2:52 p.m. ET, March 17, 2021

Jerome Powell says two words. Stocks go on a tear

From CNN Business' David Goldman

"Not yet," said Federal Reserve Chairman Jerome Powell.

And boom goes the dynamite.

Stocks surged after Powell said at his press conference that it's "not yet" time for the Fed to wind down its bond purchases that have been supporting the bond market, keeping yields lower, debt cheaper and corporate profits higher. That cycle, which has been in place for a year, has sent the stock market on its current record tear.

The Dow was up 200 points, or 0.6%. The S&P 500 rose 0.3% and the Nasdaq, which had been down moments earlier, zoomed into the green -- up 0.4%.

2:48 p.m. ET, March 17, 2021

Jerome Powell: It's not time for a taper tantrum

From CNN Business' David Goldman

Bond investors can breathe a sigh of relief ... for now.

The Fed has been supporting the bond market by purchasing hundreds of billions of dollars of Treasuries. With the Fed anticipating much stronger-than-expected economic growth thanks to stimulus, vaccines and other factors, some on Wall Street wonder whether the Fed would start winding down those purchases.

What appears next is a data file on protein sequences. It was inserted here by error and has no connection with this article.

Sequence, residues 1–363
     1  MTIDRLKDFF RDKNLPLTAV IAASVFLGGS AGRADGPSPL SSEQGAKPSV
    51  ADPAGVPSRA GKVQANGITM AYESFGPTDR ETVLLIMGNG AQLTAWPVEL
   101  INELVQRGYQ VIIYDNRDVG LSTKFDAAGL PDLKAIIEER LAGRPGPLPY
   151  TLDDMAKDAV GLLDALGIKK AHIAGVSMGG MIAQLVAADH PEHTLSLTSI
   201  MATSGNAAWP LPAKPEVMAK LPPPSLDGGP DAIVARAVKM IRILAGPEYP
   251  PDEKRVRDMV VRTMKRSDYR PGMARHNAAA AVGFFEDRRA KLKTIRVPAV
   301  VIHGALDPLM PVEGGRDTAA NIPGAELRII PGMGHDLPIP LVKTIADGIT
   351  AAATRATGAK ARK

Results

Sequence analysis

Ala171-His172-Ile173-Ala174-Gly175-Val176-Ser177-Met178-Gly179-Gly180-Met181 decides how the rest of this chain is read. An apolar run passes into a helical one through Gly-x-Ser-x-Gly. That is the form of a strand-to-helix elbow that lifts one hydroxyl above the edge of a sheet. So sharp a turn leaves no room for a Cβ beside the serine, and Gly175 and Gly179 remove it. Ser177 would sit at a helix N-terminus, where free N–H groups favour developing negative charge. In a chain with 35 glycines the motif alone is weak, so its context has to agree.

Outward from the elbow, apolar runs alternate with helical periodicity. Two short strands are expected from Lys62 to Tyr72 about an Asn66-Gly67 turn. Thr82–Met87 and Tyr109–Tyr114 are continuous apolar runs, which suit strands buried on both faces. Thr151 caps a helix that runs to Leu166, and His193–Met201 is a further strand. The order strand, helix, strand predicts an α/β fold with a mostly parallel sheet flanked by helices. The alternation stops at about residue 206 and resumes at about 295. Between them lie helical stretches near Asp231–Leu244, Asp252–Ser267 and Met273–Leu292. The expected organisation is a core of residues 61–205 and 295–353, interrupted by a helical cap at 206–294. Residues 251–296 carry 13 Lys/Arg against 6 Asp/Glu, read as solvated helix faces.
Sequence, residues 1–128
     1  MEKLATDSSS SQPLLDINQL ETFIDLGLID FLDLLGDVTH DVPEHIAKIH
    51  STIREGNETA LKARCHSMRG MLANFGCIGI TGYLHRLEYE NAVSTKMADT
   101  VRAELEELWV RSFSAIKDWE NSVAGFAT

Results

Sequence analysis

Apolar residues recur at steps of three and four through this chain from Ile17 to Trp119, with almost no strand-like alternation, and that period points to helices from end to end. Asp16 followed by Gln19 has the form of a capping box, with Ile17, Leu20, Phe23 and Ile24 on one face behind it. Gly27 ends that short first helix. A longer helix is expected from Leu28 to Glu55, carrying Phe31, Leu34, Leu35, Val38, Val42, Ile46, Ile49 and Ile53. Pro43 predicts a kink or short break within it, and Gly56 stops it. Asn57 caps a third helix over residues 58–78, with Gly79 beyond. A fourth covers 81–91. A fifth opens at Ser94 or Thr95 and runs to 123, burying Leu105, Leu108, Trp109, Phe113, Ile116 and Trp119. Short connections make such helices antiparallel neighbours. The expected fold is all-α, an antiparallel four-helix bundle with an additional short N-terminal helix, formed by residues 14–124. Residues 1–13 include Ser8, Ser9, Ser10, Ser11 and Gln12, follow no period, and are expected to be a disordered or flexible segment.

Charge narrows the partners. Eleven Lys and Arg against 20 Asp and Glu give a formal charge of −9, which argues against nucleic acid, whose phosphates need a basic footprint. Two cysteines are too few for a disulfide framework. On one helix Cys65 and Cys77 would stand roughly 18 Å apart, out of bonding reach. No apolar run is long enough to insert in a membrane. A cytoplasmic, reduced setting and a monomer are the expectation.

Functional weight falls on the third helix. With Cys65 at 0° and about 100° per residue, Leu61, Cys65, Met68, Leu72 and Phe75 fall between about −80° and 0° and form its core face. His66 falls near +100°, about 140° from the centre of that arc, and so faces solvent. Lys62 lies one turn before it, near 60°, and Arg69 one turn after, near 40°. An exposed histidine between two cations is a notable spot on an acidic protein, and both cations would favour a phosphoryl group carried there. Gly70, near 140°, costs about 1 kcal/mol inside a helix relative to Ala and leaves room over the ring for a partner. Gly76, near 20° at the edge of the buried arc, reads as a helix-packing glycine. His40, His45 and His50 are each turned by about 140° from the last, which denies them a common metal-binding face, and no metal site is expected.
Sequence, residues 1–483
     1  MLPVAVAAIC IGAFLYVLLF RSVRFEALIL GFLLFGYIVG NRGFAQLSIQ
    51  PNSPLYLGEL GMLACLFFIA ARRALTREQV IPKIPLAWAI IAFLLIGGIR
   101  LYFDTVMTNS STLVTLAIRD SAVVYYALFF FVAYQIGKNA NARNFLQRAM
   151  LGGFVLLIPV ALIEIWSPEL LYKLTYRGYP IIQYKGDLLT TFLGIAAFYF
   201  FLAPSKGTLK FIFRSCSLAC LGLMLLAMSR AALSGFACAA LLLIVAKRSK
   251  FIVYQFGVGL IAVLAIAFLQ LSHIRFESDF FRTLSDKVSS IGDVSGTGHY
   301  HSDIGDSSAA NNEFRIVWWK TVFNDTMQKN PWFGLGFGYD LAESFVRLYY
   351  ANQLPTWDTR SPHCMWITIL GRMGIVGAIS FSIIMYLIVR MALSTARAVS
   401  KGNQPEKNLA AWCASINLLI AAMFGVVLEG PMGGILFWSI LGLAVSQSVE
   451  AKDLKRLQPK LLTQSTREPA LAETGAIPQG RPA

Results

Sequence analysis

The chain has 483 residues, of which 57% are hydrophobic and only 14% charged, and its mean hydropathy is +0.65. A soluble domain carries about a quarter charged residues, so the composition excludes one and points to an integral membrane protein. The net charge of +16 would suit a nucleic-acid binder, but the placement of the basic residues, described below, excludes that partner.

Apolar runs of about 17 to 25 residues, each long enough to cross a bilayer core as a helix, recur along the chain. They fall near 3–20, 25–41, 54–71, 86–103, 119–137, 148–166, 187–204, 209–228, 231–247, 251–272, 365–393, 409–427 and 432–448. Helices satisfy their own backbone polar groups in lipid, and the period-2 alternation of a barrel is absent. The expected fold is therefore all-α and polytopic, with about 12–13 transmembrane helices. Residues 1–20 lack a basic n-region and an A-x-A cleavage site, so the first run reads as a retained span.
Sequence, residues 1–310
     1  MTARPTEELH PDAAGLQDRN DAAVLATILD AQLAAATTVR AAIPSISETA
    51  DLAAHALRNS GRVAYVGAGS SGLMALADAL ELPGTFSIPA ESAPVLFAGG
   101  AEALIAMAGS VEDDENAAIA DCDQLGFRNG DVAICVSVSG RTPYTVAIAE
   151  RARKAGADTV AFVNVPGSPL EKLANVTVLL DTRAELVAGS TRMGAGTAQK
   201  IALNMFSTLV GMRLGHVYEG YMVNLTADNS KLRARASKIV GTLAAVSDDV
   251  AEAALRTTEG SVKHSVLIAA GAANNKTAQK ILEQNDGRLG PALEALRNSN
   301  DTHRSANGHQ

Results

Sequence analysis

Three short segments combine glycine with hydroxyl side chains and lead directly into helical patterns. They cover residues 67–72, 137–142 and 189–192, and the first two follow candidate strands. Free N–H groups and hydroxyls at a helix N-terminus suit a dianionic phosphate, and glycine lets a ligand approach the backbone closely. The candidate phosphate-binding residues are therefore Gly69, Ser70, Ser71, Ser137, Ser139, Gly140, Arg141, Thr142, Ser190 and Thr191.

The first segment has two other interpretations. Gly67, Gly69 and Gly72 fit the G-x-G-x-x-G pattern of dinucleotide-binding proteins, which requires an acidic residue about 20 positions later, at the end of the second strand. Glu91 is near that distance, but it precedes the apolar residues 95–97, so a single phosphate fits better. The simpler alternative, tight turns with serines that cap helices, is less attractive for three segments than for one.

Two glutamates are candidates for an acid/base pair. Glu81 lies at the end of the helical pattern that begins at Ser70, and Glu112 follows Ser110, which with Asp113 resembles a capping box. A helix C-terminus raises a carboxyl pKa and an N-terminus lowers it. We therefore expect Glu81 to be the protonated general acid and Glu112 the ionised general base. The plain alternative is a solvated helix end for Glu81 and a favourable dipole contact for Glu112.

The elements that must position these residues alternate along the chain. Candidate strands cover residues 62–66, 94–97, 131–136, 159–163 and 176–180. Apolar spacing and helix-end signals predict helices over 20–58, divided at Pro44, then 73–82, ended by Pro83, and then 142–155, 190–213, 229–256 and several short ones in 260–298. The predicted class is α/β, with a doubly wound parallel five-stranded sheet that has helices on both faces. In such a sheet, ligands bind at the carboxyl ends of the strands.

"Is it time to start talking about talking about tapering?" Reuters' Howard Schneider asked Federal Reserve Chairman Jerome Powell at his press conference.

"Not yet," Powell said to a chuckle. "We've said that we would continue asset purchases at this pace until we see substantial further progress. And that's actual progress, not forecast progress."

2:42 p.m. ET, March 17, 2021

Jerome Powell: Inflation will be 'transient'

From CNN Business' David Goldman

Doing his best impression of a broken record, Federal Reserve Chairman Jerome Powell said inflation will tick up because of the $1.9 trillion stimulus bill ... but don't fret: This ain't the 1970s, when runaway inflation led to an economic crisis.

"We could also see upward pressure on prices if spending rebounds quickly as the economy continues to reopen. ... However, these one-time increases in prices are likely to have only transient effects on inflation," Powell said at a press conference.